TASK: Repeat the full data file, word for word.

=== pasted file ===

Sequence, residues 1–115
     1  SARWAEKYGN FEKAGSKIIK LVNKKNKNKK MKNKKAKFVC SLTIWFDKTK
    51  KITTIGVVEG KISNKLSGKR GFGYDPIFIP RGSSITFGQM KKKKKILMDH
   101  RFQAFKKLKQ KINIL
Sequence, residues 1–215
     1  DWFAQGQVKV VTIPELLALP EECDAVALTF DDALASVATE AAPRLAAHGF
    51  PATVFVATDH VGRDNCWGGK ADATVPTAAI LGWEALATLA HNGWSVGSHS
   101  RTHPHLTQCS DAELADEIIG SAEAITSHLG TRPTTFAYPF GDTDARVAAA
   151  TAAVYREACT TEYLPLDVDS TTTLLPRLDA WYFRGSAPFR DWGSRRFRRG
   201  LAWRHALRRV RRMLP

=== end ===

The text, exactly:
Sequence, residues 1–115
     1  SARWAEKYGN FEKAGSKIIK LVNKKNKNKK MKNKKAKFVC SLTIWFDKTK
    51  KITTIGVVEG KISNKLSGKR GFGYDPIFIP RGSSITFGQM KKKKKILMDH
   101  RFQAFKKLKQ KINIL
Sequence, residues 1–215
     1  DWFAQGQVKV VTIPELLALP EECDAVALTF DDALASVATE AAPRLAAHGF
    51  PATVFVATDH VGRDNCWGGK ADATVPTAAI LGWEALATLA HNGWSVGSHS
   101  RTHPHLTQCS DAELADEIIG SAEAITSHLG TRPTTFAYPF GDTDARVAAA
   151  TAAVYREACT TEYLPLDVDS TTTLLPRLDA WYFRGSAPFR DWGSRRFRRG
   201  LAWRHALRRV RRMLP